Take the 2-minute tour ×
Stack Overflow is a question and answer site for professional and enthusiast programmers. It's 100% free, no registration required.

I will keep it really simple,

How do I get expression tree out of lambda??

or from query expression ?

share|improve this question
    
Great question. Can you expound a little on why you want to generate the expression tree? Is this part of a code generation project? –  grenade Aug 21 '09 at 8:45
    
Its a kind of Code generation project... we have scanner device which support expression tree like model to execute code through driver... some RnD is going to build LINQ provider for device –  Prashant Aug 21 '09 at 8:48
    
Sounds like fun... –  grenade Aug 21 '09 at 8:50
    
very much... :) –  Prashant Aug 21 '09 at 8:52

3 Answers 3

up vote 29 down vote accepted

You must assign the lambda to a different type:

// Gives you a delegate:
Func<int, int> f = x => x * 2;
// Gives you an expression tree:
Expression<Func<int, int>> g = x => x * 2;

The same goes for method arguments. However, once you've assigned such a lambda expression to a Func<> type, you can't get the expression tree back.

share|improve this answer
2  
Delegate is a better term than lambda, in the first case. Both are lambda expressions, one implicitly converted to an anonymous delegate, other an expression tree. –  nawfal Dec 18 '13 at 15:34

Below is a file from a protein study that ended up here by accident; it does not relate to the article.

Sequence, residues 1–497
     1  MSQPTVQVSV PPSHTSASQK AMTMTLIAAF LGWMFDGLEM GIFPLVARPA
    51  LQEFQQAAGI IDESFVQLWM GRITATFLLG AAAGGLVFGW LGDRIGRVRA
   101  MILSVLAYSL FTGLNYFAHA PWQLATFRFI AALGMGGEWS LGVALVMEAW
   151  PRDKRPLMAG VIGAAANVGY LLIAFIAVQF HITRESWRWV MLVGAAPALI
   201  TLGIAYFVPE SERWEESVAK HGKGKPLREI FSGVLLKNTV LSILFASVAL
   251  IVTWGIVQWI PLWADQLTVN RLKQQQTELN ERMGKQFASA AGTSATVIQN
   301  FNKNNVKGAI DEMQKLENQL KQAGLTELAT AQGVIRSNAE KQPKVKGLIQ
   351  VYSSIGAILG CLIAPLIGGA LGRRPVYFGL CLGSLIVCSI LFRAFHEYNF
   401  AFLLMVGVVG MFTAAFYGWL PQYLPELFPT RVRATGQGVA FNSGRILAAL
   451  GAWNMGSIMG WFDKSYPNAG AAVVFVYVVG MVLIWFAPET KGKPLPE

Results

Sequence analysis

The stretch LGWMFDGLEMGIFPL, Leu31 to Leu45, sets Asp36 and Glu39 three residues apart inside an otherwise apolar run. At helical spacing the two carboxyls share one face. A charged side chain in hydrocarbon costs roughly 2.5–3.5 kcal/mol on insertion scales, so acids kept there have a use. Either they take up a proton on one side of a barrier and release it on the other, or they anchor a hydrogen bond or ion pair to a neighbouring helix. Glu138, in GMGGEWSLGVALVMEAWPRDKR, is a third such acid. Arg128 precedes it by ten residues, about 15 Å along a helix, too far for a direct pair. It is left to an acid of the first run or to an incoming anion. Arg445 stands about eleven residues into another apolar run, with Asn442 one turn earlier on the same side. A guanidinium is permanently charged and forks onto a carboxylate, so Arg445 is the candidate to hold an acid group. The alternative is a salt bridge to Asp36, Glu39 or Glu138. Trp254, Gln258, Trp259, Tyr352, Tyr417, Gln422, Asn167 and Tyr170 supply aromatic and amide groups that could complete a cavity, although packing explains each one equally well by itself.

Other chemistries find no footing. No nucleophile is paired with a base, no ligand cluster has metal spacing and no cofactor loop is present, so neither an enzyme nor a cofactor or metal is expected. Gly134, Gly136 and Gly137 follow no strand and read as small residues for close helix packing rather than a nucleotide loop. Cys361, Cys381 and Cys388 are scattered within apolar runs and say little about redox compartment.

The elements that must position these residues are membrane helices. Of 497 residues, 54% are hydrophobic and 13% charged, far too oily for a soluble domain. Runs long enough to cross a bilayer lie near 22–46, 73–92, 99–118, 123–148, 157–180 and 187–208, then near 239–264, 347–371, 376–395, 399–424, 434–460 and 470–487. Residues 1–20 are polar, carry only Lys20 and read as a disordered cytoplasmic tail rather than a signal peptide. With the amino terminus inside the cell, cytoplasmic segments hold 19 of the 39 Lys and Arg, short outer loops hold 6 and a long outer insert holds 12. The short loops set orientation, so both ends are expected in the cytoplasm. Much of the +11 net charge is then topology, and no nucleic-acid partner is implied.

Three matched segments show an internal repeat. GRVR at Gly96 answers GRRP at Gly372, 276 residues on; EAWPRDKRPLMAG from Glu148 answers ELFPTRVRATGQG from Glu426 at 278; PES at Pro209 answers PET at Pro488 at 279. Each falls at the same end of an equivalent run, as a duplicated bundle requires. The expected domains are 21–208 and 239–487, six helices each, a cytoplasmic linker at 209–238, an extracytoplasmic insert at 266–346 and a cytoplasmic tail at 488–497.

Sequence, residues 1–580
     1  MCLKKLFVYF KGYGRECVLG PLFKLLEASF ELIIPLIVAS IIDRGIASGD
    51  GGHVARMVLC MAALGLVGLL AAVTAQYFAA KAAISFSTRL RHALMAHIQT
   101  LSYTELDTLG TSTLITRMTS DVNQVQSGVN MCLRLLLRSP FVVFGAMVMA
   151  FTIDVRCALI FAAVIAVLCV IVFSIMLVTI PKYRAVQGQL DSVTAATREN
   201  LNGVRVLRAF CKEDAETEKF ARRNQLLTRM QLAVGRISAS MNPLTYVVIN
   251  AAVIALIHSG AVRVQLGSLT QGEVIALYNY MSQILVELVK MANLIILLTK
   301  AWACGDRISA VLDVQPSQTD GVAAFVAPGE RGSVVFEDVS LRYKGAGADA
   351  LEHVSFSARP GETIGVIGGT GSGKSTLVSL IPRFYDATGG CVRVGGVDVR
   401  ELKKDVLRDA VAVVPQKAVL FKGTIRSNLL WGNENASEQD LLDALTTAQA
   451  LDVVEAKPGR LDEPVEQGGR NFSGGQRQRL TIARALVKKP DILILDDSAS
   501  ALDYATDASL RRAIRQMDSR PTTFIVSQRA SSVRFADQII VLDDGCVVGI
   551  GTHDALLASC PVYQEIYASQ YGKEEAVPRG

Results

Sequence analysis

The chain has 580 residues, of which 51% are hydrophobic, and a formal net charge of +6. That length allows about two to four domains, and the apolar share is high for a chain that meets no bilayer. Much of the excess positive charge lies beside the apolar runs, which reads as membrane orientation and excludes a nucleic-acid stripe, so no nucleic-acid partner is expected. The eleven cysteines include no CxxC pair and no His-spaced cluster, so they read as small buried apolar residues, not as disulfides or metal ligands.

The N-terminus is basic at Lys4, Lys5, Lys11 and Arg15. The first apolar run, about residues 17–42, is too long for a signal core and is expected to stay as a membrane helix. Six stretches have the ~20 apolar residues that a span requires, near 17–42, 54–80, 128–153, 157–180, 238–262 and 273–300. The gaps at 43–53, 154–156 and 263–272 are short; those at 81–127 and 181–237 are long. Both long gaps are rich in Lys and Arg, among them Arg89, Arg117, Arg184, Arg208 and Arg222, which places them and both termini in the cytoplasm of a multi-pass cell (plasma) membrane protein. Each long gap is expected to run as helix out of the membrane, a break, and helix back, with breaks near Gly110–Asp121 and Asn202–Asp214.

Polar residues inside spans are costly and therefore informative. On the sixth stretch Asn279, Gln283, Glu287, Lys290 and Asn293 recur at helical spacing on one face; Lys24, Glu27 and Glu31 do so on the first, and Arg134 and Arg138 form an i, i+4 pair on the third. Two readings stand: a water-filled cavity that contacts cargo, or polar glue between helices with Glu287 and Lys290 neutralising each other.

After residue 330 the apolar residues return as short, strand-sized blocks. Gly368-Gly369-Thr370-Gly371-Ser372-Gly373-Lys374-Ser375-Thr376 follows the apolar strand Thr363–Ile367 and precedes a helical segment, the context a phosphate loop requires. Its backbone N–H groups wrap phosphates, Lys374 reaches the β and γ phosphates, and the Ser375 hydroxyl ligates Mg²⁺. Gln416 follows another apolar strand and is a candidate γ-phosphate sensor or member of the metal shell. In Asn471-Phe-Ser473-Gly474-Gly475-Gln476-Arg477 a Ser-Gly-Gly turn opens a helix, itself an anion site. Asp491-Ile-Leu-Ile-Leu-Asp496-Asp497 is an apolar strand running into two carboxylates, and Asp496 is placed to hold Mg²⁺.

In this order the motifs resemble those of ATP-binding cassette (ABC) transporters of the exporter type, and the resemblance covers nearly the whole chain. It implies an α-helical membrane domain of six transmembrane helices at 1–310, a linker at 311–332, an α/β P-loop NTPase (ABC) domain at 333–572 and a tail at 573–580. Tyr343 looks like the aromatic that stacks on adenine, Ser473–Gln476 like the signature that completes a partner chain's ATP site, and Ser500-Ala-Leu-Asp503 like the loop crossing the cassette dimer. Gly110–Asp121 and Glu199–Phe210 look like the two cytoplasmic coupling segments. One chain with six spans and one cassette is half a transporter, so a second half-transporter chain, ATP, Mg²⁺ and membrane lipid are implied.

@nawfal f is a delegate. But x => x * 2 is a lambda expression (as you yourself noted). Your comment implies that I said something different but I really didn’t. –  Konrad Rudolph Dec 18 '13 at 15:59
1  
You said the second expression gives you an expression tree. Analogous to that, the first lambda expression should give you a delegate, not a lambda - which is what your first comment is. Not nitpicking, just mentioning so that it helps someone in future. –  nawfal Dec 18 '13 at 16:02
    
@nawfal Ah, I see it now – I didn’t look at the comments before. You’re right, I’ll change it. –  Konrad Rudolph Dec 18 '13 at 19:33

Konrad's reply is exact. You need to assign the lambda expression to Expression<Func<...>> in order for the compiler to generate the expression tree. If you get a lambda as a Func<...>, Action<...> or other delegate type, all you have is a bunch of IL instructions.

If you really need to be able to convert an IL-compiled lambda back into an expression tree, you'd have to decompile it (e.g. do what Lutz Roeder's Reflector tool does). I'd suggest having a look at the Cecil library, which provides advanced IL manipulation support and could save you quite some time.

share|improve this answer
    
thanks Pierre... link is quite helpfull :) –  Prashant Aug 21 '09 at 9:03
    
So you are really trying to decompile a piece of IL to an expression tree!? I suppose you can't force your users to provide you the lambda as an expression tree, then. Sad. –  Pierre Arnaud Aug 21 '09 at 15:43

Just to expand on Konrad's answer, and to correct Pierre, you can still generate an Expression from an IL-compiled lambda, though it's not terribly elegant. Augmenting Konrad's example:

// Gives you a lambda:
Func<int, int> f = x => x * 2;

// Gives you an expression tree:
Expression<Func<int, int>> g = x => f(x);
share|improve this answer
2  
This does not give you the expression tree of the original lamda, it gives you a new expression tree that calls the delegate. Nothing more. –  Aidiakapi Apr 16 '13 at 12:11

Your Answer

 
discard

By posting your answer, you agree to the privacy policy and terms of service.

Not the answer you're looking for? Browse other questions tagged or ask your own question.